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December 6, 2012

Demo Report – Ni No Kuni: Wrath of the White Witch

Demo Report Ni No Kuni Wrath of the White Witch
Namco-Bandai’s bite-sized taste of the overdue RPG joint between Level-5 and Studio Ghibli comes up rather short given the size of the PS3 download. The demo offers two small assignments, racing to the top of a volcano to tackle a lava beast, and fighting a forest guardian in order to help a wise old tree and gain access to the Kingdom of the Cat King.

It’s a little depressing that the demo ends before giving us a glimpse of the fat old Cat King, but you can’t win them all I suppose. It’s a shame the demo doesn’t share some more of the animation I spied via the E3 demo earlier this year as well, because it was rather fantastic.

Despite the lack of a hand holding tutorial, combat comes across rather easy, with players able to swap between using Oliver to cast magic or controlling his tiny critter familiars to issue more standard attacks against enemies.

The demo’s emphasis is on teaching players to switch between offense and defense when larger enemies are powering up for more devastating attacks, and moving around said foes to discover critical weak points – for the lava beast this is the tail, while the forest guardian seems to have weak knees.

The rather simple combat could leave this feeling a bit like baby’s first JRPG, but it’s several shades refreshing to my fingers – I’ve been long for an RPG that was this easy to fall into in an age where one of my favorite childhood genres has a habit of putting me to sleep with increasingly complex designs and endless explanations.

Since the PS3 owners in the room can check the demo out for themselves, I’d encourage you to do that rather than listen to me ramble on, assuming you haven’t already.

Two things in particular worth basking in while visiting the other world are the world map itself, which reminds me a bit of the romantic aerial views of the landscape offered in Ghibli’s film Porco Rosso, and the character designs of smaller enemies encountered – these designs are rather simple, and capture something Pok√©mon-like while still resembling the primary bestiary known to Ghibli fans. My instant favorite is the colorful Ouroboros, which you can find on the road to Ding Dong Dell.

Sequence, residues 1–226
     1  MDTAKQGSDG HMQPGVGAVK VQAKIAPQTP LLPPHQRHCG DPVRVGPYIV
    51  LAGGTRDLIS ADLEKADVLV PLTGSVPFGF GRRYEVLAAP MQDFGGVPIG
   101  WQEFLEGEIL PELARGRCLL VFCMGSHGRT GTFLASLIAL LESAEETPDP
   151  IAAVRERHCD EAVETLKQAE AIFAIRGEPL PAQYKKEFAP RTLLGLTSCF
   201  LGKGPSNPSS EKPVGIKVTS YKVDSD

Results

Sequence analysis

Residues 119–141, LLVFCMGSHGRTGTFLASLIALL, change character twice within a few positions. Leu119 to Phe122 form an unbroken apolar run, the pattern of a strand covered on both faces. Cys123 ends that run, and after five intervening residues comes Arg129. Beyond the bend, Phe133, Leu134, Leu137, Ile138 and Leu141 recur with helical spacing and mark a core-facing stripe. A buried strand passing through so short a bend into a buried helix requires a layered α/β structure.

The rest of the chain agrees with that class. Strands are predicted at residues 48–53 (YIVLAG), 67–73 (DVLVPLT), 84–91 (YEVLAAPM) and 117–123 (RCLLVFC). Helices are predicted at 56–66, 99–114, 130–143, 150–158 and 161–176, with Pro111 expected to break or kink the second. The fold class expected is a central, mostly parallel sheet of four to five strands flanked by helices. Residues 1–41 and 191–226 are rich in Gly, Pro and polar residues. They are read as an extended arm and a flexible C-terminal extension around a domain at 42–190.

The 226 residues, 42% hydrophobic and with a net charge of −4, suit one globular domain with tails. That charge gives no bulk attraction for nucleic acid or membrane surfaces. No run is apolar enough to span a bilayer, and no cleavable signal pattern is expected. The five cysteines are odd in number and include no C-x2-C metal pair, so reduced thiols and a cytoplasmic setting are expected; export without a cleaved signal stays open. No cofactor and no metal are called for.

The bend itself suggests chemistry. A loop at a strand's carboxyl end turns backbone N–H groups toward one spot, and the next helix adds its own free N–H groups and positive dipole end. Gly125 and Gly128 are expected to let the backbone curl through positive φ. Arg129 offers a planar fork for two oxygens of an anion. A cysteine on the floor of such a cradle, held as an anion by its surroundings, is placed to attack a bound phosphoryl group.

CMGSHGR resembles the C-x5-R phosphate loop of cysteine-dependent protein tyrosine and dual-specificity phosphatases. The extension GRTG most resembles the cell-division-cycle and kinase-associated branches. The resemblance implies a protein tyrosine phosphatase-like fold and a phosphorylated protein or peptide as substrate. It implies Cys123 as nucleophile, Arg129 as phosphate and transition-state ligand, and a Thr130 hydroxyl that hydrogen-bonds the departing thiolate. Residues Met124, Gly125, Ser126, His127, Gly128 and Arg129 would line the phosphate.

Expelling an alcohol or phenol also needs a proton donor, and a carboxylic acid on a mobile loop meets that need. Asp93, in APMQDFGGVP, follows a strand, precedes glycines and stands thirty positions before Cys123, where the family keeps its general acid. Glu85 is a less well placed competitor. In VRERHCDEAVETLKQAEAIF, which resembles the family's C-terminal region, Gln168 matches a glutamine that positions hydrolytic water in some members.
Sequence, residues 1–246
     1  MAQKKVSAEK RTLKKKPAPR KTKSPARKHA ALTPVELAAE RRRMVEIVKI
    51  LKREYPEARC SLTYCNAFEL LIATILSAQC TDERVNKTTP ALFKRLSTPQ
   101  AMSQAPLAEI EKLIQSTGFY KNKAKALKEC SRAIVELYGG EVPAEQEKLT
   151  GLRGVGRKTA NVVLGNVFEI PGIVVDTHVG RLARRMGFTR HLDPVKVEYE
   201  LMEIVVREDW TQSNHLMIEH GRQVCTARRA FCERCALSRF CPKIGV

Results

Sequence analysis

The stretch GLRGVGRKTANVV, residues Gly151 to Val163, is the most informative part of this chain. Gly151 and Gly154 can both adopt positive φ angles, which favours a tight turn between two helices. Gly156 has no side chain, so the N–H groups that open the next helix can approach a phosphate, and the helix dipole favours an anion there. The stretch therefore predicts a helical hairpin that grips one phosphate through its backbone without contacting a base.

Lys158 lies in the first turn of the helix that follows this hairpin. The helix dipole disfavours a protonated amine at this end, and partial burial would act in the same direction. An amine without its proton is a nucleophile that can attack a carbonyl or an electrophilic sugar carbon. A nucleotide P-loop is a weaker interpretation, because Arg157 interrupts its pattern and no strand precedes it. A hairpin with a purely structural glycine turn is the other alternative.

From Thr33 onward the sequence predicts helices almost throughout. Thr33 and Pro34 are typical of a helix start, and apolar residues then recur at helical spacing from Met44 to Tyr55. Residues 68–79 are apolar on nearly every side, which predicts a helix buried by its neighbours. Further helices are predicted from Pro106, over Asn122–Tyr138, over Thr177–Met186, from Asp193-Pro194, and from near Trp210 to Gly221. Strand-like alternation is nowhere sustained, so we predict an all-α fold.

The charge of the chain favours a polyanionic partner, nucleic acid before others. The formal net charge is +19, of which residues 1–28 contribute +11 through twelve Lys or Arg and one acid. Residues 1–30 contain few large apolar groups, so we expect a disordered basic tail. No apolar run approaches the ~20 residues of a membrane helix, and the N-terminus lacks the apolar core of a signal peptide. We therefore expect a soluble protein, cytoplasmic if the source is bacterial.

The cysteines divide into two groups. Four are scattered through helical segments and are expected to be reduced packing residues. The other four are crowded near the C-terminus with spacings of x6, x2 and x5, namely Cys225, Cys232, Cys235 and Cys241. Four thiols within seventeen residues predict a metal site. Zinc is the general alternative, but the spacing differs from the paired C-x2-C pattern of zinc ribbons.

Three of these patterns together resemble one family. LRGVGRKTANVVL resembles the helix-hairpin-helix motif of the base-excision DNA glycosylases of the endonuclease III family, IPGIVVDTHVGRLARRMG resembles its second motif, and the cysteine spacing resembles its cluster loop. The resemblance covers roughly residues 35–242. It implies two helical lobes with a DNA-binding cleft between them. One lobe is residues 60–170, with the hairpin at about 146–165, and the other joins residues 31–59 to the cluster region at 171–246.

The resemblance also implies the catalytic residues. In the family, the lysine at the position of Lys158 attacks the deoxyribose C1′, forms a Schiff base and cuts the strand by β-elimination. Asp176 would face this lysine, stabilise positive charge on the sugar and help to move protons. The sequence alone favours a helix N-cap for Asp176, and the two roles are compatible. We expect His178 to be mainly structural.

The other point of interest is for your ears. Joe Hisaishi’s fingerprints instantly bring back memories of the feature films, and discovering how the theme for the game expands is as high on my list as unraveling the story of Oliver’s quest to bring his mother back from the dead.

Ni No Kuni: Wrath of the White Witch hits the PlayStation 3 exclusively on January 22nd, 2013 in North America and Europe on January 25th.

If you need more of a Level-5 fix, Namco-Bandai has also served up a behind the scenes tour of the developer, which you can catch below.

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June 7, 2012

E3 2012 – Ni No Kuni: Wrath of the White Witch

Ni No Kuni Wrath of the White Witch E3 2012
There’s a distinct language to the work of Studio Ghibli, not within a single stream of media such as the writing or the musical scoring alone, but rather in the way the visual style, narrative direction and audio join together with a unique logic that makes any and all fantastic things possible, delivering film experiences that find me still able to recall where I saw each Ghibli masterpiece for the first time – they tend to make a strong impression.

After stopping by Namco-Bandai’s booth today, I’m more certain than ever that Level-5 and Studio Ghibli have crafted all these streams into a singular symphony of wonder and delight in videogame form, and that Ni No Kuni is the only RPG you’ll need for an indefinite period of time still to be named and marked.

But just in case you’re somehow not a drooling Studio Ghibli fan, allow me to elaborate on some reasons why.

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